Take, for example, a recent complaint for declaratory judgment. An entrepreneur, Dan McCall, produces and sells items that parody the NSA and the Department of Homeland Security. For example, one of McCall's creations features the NSA seal over the words "Spying On You Since 1952." McCall has sought a declaration that he did not violate federal statutes, which prohibit the use of the NSA and DHS names and seals in a way that conveys the impression that the agencies approve or endorse the use. As you can see here, in his complaint, McCall included pictures of the items he sells. These photos, to me, effectively show that no reasonable person would believe the NSA or the DHS endorses the items and, therefore, McCall did not violate the statutes.
And, as we’ve seen before, the creative use of photos can be wonderfully impactful in other types of cases as well. One of my favorites is a motion filed by counsel for Mark Cuban. Cuban was sued by Ross Perot Jr., who alleged Cuban mismanaged the Dallas Mavericks.* Cuban offered this photo as the only authority in support of his motion for summary judgment.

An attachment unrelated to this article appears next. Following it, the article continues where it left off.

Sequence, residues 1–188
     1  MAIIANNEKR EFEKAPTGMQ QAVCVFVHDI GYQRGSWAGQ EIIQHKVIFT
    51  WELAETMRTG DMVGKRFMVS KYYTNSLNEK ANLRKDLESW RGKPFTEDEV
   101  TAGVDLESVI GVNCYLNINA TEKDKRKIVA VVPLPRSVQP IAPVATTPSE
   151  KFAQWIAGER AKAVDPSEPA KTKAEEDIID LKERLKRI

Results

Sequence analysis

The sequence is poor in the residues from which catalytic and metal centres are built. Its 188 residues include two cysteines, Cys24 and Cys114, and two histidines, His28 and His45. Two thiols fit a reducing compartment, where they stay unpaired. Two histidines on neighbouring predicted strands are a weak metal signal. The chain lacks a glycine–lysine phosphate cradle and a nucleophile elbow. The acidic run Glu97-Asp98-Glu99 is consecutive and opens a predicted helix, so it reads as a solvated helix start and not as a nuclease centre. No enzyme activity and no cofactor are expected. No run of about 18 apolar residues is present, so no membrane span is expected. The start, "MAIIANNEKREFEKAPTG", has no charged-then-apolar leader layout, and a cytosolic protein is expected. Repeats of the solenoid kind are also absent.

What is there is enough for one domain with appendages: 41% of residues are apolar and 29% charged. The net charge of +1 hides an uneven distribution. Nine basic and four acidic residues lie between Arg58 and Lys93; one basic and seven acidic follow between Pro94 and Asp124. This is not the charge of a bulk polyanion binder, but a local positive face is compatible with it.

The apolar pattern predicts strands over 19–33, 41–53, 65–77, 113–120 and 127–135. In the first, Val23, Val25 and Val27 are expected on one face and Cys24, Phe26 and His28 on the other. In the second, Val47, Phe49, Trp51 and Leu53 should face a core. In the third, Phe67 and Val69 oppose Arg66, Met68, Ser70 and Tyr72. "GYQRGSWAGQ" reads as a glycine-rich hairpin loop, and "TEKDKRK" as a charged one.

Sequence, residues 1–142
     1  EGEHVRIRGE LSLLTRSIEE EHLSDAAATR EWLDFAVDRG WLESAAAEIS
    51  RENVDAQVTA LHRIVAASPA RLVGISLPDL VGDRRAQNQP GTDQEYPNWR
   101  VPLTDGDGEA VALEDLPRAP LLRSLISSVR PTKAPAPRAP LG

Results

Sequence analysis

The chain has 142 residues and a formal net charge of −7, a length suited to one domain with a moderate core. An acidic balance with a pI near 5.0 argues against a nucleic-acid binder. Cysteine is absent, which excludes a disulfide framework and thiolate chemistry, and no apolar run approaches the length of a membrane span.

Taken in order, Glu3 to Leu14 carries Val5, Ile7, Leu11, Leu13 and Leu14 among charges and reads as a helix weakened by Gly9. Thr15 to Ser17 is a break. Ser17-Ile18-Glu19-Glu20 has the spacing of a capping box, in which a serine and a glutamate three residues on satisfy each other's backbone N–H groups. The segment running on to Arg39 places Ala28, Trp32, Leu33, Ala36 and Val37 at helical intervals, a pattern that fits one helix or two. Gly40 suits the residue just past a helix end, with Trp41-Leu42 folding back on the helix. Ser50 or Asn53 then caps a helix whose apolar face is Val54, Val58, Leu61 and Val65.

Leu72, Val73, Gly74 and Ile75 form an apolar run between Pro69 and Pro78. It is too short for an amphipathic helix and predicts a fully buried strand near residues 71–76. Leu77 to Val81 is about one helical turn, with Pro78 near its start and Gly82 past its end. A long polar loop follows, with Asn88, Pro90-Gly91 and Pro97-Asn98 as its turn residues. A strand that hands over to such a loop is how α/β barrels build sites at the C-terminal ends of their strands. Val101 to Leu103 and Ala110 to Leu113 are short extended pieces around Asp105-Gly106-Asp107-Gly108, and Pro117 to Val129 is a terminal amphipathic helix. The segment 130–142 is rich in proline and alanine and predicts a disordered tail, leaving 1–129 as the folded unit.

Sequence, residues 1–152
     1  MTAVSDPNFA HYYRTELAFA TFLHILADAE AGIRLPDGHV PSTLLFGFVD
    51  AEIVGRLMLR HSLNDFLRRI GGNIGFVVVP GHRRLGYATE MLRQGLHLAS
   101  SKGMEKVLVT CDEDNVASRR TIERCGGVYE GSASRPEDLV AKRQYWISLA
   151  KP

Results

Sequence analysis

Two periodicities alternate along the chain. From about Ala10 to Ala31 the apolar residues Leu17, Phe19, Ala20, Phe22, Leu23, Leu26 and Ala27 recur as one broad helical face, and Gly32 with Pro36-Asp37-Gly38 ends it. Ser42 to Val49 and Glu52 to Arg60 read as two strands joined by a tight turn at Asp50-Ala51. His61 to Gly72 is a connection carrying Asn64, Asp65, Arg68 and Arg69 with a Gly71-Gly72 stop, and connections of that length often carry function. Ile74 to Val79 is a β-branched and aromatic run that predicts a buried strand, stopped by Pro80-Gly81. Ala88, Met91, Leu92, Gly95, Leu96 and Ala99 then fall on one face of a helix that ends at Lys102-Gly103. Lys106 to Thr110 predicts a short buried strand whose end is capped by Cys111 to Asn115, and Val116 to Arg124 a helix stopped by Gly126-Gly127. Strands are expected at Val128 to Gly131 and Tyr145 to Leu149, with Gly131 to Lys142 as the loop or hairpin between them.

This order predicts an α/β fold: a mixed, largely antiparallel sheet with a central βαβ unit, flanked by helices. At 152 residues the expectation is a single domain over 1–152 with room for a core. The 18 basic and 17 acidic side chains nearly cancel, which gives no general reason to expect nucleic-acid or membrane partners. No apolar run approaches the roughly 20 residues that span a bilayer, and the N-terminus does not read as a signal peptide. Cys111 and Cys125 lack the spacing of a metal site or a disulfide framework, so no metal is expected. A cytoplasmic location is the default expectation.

This tactic is not for the faint of heart—you’ll notice that Cuban’s lawyers hang their (10-gallon) hats on that single photo. The motion contains no statutes, case law, or other documentary support. But could we expect anything less from lawyers for the incorrigible Cuban?
*Perot claimed Cuban’s mismanagement significantly decreased the value of Perot’s property around the Mavericks’ American Airlines Center.